What Dutch parents do well (they have happy children!)


One of the main reasons kids are happier is that there is less pressure on so much!



Children living in the Netherlands are the happiest, this is what their parents do
via Unsplash / Stéphanie LeBlanc

Every parent wants their child to be happy, and they do whatever they can to make sure they have a happy childhood. They try to protect them from any struggles they may face, and they really try to make sure they have everything they need to lead healthy lives. However, here is a whole world which has different countries. These countries have their own traditions, cultures and parenting styles and it would be helpful for every parent to pay attention to what this is.

There is nothing wrong with looking outside your culture and country to see how other parents are doing things. Especially if this country is known for having happier, healthier parenting strategies and children. Parents can learn a lot by listening to other parents, taking information that works for their family, and applying it to their situations. When it comes to happier children, the Netherlands can be the place to turn.

RELATED: What Dutch Parents Use As A Guide For Parenting

Their children are happier

Children who live in the Netherlands are among the happiest in the world, according to Childhub, and parents are all dying to know why. A report was made by Unicef, which can be read in full here, and these children have been found to be happier and healthier than many other countries including the United States. They looked at children’s mental and physical health and how they develop their academic and social skills. The top three were the Netherlands, Denmark and Norway. Let’s take a closer look at why this might be.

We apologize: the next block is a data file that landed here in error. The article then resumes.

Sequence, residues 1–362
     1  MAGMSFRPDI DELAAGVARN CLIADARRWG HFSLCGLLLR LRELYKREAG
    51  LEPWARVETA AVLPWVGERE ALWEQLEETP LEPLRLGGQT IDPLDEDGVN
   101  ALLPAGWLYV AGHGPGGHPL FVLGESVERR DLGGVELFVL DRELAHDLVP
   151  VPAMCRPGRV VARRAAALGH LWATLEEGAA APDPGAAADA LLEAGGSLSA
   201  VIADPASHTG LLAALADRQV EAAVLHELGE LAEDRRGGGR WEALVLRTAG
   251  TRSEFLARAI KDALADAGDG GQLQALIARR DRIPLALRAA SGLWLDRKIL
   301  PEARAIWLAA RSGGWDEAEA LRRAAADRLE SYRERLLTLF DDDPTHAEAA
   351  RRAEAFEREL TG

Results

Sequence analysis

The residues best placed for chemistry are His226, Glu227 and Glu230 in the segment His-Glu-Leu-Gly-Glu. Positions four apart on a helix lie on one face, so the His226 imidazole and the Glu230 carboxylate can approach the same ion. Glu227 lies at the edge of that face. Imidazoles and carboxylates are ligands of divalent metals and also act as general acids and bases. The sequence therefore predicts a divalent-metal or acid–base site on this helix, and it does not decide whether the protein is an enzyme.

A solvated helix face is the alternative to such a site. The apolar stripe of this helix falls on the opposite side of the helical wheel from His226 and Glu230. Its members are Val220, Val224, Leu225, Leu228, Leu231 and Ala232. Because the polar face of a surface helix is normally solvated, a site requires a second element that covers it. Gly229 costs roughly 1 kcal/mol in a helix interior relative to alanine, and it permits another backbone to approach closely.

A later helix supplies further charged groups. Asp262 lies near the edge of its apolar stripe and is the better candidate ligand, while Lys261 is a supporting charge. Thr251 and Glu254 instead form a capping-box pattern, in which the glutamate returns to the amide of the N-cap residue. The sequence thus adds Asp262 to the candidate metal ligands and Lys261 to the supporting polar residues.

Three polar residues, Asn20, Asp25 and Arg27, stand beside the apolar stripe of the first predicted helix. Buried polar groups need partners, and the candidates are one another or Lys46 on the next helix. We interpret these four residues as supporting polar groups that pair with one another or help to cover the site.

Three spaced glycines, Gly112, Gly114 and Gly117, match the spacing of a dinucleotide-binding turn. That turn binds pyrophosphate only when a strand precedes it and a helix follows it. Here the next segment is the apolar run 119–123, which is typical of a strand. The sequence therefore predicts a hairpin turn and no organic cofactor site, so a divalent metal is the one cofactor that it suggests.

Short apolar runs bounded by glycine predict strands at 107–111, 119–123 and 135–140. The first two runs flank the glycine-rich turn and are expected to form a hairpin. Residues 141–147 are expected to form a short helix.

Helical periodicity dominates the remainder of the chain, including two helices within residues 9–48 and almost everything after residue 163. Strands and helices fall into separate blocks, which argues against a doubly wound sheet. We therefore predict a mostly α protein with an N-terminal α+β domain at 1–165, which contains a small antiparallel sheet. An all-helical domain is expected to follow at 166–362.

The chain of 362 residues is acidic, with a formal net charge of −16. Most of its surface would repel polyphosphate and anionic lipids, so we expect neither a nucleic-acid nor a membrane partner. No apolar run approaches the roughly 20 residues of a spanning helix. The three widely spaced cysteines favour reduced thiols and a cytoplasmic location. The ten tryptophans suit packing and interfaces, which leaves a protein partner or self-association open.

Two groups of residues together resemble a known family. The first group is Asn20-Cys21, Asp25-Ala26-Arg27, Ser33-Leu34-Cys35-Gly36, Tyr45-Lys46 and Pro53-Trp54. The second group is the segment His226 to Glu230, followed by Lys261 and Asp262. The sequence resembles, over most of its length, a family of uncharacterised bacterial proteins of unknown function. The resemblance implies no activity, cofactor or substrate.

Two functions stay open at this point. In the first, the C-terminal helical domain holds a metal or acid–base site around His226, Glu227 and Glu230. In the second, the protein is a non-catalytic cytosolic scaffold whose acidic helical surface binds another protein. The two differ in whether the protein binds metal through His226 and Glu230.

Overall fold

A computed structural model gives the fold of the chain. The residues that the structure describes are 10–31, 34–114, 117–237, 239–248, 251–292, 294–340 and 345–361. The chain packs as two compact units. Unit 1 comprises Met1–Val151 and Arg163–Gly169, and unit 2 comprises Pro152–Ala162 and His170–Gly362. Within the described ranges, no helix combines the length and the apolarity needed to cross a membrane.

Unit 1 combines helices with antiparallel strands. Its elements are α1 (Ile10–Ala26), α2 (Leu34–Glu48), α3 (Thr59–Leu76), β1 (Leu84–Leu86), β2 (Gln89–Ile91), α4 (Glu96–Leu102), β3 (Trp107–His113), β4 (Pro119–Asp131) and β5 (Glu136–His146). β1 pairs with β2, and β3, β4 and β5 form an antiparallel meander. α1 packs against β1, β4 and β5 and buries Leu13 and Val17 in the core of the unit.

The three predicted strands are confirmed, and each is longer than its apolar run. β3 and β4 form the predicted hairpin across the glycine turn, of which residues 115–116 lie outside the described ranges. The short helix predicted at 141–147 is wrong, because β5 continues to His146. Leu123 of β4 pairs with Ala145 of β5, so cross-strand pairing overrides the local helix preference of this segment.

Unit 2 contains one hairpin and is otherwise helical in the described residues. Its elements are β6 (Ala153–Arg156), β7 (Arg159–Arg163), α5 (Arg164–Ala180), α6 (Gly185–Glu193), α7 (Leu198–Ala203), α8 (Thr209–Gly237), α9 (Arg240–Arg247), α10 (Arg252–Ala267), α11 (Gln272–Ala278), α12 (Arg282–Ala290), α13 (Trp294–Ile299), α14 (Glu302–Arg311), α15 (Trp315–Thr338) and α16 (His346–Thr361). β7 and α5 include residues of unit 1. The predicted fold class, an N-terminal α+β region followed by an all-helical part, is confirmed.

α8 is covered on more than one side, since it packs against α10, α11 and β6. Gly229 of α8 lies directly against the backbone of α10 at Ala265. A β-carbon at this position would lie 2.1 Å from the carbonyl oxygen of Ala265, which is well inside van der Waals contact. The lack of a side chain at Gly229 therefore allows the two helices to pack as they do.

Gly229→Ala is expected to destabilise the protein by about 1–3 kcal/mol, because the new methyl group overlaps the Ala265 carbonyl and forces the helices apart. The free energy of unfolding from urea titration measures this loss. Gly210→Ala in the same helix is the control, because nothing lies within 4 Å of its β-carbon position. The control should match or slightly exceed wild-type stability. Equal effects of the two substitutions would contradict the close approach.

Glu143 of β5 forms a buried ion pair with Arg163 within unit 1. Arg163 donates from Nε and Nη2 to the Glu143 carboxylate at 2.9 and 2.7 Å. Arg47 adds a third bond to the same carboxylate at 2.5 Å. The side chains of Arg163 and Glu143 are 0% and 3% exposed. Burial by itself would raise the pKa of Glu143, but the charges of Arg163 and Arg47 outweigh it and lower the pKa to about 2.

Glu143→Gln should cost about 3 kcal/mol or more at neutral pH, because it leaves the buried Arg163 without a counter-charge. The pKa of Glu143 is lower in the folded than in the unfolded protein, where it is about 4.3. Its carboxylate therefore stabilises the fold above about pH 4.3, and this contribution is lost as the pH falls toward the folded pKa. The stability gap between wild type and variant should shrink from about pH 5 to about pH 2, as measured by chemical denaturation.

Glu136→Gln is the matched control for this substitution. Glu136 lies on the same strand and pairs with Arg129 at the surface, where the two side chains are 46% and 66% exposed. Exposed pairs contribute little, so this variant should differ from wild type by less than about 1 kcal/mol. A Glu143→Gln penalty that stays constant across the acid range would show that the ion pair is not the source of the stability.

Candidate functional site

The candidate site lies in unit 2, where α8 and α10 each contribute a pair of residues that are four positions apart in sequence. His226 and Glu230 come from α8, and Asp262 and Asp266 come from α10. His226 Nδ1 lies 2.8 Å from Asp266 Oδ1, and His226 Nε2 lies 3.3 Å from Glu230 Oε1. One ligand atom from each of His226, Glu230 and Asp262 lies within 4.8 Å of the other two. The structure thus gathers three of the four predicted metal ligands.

Less pressure

One of the main reasons children are happier, according to CNBC, is that there is less pressure in the school system. School takes up a large part of a child’s life and can be very overwhelming. In the Netherlands, the focus is not on surrogacy or “elite” colleges, and school is seen as a mere means of ensuring the well-being and social development of a child. All children need to do to attend higher education in the Netherlands is to pass their high school exams, they don’t need specific grades, recommendation letters or anything like that.

Parents are at home

It is also important to look at how parents are treated in other countries, as this can have an impact on the happiness and well-being of a child. In the Netherlands, children spend more time with both parents, as the country has figured out how to create a more positive work-life balance. They only have 29 hour work weeks and most of the country’s adult population works part time and can still afford to live, so both parents are accessible to the children and this is only positive for them. mental health and happiness. Another little fact is that children in the Netherlands are allowed to eat chocolate chips for breakfast. This is called the ‘hagelslag’ and they are an integral part of breakfast and are usually sprinkled on toast in the morning. How could someone not be happy when they have chocolate chips for breakfast?


Sources: Childhub, Unicef, CNBC


Dutch Parenting: a happy family dressed in red

5 Dutch parenting tips Americans might want to adopt

Want to switch to a different parenting style this year and beyond? Here are 5 top Dutch parenting tips Americans and others might want to adopt.

Read more


About the Author


Comments are closed.